Thursday, October 24, 2013

Growing Our Future


As adults, we ask children the age-old question, “What do you want to be when you grow up?” And often we are met with stereotypical answers of doctors, lawyers, firefighters, or the occasional whimsical child response of robot or princess. We smile and tell them that they would make great “_________” and move on. This is where I believe that we have made our biggest mistake as we look to grow our future leaders and next generation Americans.

Children need guidance from adults and access to resources to make informed decisions. Yet they don’t know where to look and whom to ask to ensure that they are on the right path. Many adults have their own agendas when dispensing advice to their children without considering the multitude of possibilities that await an informed child that is equipped to make strategic leaps in their future adolescent and adult life.

Faryar Shirzad, the Co-Head of Government Affairs at Goldman Sachs, said it perfectly, “There are a lot of cool jobs out there, but you don’t know what they are when you’re 22. Over the course of your career they will reveal themselves to you. Put the building blocks in place so when you see the dream job, you’re prepared to step into it.”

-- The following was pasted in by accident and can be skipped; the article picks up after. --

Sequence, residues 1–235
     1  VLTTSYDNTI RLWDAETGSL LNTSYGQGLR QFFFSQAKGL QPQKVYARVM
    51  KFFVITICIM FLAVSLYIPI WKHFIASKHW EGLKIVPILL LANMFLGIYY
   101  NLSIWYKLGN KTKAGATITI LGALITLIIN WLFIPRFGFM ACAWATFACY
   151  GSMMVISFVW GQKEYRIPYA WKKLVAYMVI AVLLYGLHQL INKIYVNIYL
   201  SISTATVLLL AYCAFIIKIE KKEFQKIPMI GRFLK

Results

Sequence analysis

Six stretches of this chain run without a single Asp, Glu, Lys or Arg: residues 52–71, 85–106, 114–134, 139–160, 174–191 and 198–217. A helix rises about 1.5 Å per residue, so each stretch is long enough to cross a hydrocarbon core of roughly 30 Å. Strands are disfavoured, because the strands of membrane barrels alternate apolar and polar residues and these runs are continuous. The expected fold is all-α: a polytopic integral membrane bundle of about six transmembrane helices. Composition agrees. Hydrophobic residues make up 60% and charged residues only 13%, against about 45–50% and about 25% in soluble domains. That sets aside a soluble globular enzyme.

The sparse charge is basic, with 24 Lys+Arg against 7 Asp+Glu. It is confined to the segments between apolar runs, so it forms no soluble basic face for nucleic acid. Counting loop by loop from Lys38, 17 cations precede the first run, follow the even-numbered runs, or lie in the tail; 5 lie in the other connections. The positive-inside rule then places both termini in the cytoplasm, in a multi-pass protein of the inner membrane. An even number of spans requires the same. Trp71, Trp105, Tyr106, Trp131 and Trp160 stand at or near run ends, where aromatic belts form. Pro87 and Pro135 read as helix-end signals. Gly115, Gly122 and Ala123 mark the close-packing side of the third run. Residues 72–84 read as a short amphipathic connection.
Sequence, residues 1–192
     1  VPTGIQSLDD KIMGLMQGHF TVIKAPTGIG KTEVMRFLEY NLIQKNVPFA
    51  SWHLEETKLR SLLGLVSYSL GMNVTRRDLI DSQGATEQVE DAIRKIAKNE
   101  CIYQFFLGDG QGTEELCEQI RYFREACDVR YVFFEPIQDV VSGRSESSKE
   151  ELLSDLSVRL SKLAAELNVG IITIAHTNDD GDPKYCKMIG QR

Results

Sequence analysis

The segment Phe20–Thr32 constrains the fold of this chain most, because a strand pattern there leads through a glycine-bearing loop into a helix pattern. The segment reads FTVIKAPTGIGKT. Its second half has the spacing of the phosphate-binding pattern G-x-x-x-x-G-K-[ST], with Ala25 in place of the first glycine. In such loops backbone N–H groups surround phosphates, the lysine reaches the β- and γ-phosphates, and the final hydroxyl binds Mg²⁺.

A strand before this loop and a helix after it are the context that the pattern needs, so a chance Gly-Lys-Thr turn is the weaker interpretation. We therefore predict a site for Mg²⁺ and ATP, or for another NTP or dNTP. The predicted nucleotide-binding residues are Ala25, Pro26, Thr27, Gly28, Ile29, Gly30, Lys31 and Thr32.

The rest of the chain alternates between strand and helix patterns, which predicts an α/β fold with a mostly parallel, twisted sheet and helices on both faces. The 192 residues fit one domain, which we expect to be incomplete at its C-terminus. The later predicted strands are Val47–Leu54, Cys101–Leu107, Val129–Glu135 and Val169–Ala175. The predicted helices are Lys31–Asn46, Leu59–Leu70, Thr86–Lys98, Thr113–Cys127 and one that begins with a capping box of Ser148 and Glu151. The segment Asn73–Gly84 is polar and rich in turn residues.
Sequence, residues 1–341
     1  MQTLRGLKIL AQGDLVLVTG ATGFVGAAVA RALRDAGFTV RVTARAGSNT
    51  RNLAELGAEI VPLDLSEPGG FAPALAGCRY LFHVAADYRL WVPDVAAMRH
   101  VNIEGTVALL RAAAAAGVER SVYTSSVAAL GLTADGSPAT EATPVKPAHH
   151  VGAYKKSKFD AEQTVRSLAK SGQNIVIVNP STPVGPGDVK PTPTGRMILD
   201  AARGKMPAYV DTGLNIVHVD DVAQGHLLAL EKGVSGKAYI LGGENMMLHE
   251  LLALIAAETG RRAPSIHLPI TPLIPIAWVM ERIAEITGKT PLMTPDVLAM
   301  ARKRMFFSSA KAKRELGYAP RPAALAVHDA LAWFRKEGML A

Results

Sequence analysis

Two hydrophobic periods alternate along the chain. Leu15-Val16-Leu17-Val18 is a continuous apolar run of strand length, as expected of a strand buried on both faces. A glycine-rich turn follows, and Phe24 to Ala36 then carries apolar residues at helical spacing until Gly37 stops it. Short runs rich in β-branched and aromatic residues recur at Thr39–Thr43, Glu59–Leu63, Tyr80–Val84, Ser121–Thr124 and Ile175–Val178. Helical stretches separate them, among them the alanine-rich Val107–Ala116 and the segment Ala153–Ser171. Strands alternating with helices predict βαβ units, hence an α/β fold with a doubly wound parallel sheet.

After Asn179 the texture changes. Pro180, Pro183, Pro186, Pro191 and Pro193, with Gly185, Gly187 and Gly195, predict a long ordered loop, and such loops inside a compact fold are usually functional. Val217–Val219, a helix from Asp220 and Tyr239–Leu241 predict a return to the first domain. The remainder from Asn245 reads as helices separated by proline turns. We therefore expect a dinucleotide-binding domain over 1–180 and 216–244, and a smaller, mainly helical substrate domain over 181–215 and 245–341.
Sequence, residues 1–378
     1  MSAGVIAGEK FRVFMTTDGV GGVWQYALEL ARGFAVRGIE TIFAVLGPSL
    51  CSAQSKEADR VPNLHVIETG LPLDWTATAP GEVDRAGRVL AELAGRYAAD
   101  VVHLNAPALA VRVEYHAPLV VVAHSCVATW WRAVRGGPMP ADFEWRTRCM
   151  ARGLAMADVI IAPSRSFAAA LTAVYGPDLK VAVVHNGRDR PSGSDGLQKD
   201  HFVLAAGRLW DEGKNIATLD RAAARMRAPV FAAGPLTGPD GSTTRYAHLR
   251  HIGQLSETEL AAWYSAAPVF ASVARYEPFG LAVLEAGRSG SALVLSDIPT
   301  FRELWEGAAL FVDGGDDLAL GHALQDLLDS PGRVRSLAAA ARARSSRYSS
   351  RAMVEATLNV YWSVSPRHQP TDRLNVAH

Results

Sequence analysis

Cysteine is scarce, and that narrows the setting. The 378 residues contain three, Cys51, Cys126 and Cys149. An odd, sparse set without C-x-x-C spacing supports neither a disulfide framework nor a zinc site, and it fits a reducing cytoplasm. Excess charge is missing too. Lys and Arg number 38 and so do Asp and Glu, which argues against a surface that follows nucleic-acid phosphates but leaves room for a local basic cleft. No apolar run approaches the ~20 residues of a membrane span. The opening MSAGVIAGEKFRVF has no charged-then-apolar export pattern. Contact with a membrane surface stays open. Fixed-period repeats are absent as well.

As adults, we need to teach children that the future is not certain and it will change as they change. What they believe is their dream one day could become their nightmare the next. Preparing kids for one specific life path that they decide on as a young adult is almost certain to set the up for failure in difficult economic times where job outlook changes and technology creates obsolete positions. It is not enough to simply say, “Anything is possible! Just put your mind to it.” We leave out the critical steps of planning, contingency planning, and looking for connections between perceived job descriptions and their future applications.

We need to teach our children to look for opportunities and work within those to find application towards their future dreams. A job at McDonald’s may be a step towards an executive level position when a child sees potential in business management. A love of dance may lead a child to a degree in exercise science so that they may work with the ballet and help injured dancers get back on their feet.

There are many ways that people turn their passions into careers and it is not always the path that they imagined. However, without that winding road, they may never have the chance to learn applicable skills and increase their worldview to become future success at yet unknown occupations.

By Kristen Keyes

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